Even if Hou hadn't admitted it, it would be easy to guess that the first episode of Three Times is autobiographical. "Before I went for my military service," he told me when I asked him some questions for the film's press-kit, "I used to chase the so-called 'pool-girls' around the pool halls." Autobiography turned out to be the catalyst for the first phase in Hou's reinvention of his own film-making. His first indie feature The Boys from Fengkuei (Fenggui Lai de Ren, 1983) is his equivalent of Fellini's I vitelloni (1953), a group portrait of four laddish adolescents on the razzle in Kaohsiung as they approach the onset of adult life; Hou gives himself a cameo as a brash wideboy to underline his closeness to the characters. He followed this with A Summer at Grandpa's (Dongdong de Jiaqi, 1984), drawn from one of his regular screenwriter Chu Tien-Wen's childhood memories. (She is one of Taiwan's most distinguished novelists.)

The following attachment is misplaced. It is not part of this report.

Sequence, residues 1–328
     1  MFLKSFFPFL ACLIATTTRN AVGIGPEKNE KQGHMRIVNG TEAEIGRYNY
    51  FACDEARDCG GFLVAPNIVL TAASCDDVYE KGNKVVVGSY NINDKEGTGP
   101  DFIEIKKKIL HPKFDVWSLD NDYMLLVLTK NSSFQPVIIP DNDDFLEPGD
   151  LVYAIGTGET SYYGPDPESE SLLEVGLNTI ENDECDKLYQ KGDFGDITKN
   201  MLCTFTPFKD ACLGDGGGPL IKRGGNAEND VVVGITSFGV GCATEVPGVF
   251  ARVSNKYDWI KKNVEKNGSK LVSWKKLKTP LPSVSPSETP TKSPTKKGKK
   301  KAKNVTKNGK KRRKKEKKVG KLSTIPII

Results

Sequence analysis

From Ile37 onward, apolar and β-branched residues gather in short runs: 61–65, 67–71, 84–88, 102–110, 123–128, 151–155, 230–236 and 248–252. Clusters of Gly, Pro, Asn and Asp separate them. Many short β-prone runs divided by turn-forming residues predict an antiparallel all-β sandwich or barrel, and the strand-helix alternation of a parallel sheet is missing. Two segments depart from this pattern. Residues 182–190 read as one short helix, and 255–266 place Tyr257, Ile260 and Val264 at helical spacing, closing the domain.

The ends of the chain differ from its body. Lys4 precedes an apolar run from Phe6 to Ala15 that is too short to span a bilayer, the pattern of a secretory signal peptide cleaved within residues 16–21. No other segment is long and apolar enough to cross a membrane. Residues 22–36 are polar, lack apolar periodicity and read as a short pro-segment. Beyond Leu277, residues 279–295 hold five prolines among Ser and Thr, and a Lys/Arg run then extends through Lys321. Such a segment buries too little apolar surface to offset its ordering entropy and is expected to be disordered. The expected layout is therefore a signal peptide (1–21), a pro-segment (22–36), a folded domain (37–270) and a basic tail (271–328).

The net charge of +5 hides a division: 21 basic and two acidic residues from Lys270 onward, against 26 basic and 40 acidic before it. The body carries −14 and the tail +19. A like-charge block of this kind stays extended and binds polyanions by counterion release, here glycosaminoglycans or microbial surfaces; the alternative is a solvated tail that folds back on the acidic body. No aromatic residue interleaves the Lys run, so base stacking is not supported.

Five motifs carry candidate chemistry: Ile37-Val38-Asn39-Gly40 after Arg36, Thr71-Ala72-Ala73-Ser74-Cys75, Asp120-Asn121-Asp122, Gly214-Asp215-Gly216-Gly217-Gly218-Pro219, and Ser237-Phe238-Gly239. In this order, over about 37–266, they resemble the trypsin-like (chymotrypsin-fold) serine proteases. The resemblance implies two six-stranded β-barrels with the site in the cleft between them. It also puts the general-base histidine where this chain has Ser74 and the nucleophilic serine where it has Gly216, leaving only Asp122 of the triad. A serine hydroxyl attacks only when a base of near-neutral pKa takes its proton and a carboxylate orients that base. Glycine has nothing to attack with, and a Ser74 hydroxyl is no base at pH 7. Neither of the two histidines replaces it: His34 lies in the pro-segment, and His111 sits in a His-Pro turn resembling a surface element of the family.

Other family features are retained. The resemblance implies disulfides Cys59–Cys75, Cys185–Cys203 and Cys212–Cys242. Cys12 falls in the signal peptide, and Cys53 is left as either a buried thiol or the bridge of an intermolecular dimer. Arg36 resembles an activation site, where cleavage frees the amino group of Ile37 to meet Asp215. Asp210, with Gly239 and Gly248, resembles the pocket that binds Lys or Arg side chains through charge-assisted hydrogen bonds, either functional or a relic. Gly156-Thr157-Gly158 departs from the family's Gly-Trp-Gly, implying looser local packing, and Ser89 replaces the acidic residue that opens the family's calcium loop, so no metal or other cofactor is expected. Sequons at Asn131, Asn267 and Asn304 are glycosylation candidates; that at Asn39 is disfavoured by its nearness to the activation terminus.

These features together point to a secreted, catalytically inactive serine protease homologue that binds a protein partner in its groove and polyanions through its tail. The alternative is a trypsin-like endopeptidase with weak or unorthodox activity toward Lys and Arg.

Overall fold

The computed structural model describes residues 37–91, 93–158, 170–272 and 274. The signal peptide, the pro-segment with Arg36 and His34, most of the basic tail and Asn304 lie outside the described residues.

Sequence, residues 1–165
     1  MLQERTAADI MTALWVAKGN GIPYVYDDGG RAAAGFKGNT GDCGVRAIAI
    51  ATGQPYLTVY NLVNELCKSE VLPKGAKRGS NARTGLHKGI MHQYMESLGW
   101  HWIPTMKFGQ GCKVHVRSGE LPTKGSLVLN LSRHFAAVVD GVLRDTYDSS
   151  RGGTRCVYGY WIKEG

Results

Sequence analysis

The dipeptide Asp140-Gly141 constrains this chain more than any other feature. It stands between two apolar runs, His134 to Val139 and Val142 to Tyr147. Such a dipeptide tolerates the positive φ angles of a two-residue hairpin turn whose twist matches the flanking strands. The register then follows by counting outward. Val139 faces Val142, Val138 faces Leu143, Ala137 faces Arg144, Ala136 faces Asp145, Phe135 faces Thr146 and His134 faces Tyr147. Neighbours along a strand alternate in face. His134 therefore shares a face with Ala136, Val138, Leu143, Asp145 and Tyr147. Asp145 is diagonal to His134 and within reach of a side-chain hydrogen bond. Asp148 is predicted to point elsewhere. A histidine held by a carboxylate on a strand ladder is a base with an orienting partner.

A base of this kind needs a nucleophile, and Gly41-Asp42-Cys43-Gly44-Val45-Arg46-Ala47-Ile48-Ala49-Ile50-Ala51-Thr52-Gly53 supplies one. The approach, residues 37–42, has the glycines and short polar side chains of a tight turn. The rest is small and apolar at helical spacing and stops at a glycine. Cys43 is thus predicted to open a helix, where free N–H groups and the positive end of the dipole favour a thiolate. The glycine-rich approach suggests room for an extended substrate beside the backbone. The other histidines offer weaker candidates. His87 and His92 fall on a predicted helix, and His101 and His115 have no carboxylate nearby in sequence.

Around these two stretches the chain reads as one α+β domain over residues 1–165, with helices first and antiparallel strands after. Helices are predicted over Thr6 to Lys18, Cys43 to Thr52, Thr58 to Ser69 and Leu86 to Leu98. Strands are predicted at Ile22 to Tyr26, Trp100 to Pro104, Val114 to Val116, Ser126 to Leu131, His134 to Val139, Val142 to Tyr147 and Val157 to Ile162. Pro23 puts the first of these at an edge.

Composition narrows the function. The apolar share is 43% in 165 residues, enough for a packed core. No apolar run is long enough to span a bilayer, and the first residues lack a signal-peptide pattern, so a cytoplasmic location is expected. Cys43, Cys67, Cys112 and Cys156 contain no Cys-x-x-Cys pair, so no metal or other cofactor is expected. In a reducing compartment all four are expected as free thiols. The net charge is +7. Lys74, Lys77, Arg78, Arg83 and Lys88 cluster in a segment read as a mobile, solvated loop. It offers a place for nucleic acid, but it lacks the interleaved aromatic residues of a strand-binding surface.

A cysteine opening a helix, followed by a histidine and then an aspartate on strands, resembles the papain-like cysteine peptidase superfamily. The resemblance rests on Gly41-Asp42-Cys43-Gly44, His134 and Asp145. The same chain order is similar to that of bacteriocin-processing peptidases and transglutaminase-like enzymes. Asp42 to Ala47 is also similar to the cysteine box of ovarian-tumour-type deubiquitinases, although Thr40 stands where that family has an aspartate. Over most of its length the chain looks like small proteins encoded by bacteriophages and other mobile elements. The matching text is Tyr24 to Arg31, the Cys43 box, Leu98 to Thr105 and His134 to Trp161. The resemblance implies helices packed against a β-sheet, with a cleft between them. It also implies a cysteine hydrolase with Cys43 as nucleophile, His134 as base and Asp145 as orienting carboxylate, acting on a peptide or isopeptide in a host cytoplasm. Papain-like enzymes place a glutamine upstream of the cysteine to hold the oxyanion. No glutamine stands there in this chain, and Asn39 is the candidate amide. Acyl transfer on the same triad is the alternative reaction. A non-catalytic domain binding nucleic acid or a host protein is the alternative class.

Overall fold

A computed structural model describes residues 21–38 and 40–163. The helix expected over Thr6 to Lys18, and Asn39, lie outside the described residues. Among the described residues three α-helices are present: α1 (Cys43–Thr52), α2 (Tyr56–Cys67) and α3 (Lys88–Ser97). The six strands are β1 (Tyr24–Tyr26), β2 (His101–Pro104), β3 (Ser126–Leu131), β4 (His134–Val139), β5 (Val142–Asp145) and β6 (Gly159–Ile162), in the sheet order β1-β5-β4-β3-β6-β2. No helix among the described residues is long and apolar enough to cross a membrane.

And then came the overtly autobiographical The Time to Live and the Time to Die (Tongnian Wangshi, 1985), chronicling the Hou family from 1957 to 1966 and seeing them as representative of all mainland 'immigrants' in Taiwan, and Dust in the Wind (Lianlian Feng Chen, 1986), based on writer Wu Nianzhen's memory of being jilted by his childhood sweetheart while he was away doing military service. Hou says he was emboldened to turn such memories into films by reading the autobiography of the Hunan writer Shen Congwen. He especially liked the book's objectivity in describing traumatic times and events.